"Overall, the damage to animals could be reduced by doing this kind of research, but is it the cost of us instrumentalizing the animals that caused damage in this way? "

Arthur Caplan, professor of bioethics at New York University, said the low success rates of cloning are due to the risk associated with an" ethical price "k the formation of malformed animals. He believed, however, that the use of animals for disease models was ultimately justified as a substitute for human experimentation.

"I think that if scientists are competent, it is ethical to make disease models to study human diseases. You can try experimenting with drugs and gene editing to fix diseases that you might not ethically try on humans first, "he said. "All this research must be done under the strict supervision of animal testing committees and with full transparency."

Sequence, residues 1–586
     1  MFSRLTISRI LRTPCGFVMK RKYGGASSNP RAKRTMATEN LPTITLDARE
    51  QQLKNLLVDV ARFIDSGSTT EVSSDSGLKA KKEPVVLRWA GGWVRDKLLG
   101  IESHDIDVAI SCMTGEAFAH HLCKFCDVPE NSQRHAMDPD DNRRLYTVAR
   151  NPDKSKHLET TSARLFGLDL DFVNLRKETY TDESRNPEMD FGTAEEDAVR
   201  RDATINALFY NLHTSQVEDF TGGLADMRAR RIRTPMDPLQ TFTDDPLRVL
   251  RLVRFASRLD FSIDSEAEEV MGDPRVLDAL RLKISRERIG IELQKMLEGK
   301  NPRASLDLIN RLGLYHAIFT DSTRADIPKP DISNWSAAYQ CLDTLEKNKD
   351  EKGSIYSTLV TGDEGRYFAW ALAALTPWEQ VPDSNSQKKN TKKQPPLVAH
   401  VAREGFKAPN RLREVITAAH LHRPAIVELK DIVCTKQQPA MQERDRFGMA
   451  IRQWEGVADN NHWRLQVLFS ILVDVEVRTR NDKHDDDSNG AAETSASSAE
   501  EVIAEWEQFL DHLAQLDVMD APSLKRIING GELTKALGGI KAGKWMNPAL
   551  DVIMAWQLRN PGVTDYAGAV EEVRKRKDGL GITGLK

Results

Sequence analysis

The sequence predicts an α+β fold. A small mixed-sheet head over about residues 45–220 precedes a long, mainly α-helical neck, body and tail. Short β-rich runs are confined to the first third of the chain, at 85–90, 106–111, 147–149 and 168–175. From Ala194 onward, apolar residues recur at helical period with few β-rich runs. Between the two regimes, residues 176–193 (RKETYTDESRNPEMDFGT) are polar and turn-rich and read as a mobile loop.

But Terry Kaan Sheung-hung, co-director of the Center for Medical Ethics at the University of Hong Kong Law said he has no objection to the experiment.

"The processing of genes is not so different from the older gene knockout technique, which has long been widely accepted in scientific circles. This new instance is a further development of the technique, "he said, adding that the gene knockout technique has been widely used in laboratory mice.

" The report says scientists have carefully conducted the animal welfare experiment The Regulations and the results are open and subject to peer review. "

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For Alexandre Erler, assistant professor at the Chinese Center for Bioethics, University of Hong Kong, who presented the findings a "positive development for biomedical research."

"While some animal applications, regrettable as it may be, are still unavoidable for further research, and monkeys provide optimal models for neurodegenerative disease research," said Erler

"The use of cloning could actually us help to reduce the total number of animals used for this research. This is a goal we must ethically pursue. "[19659032] window.fbAsyncInit = function () {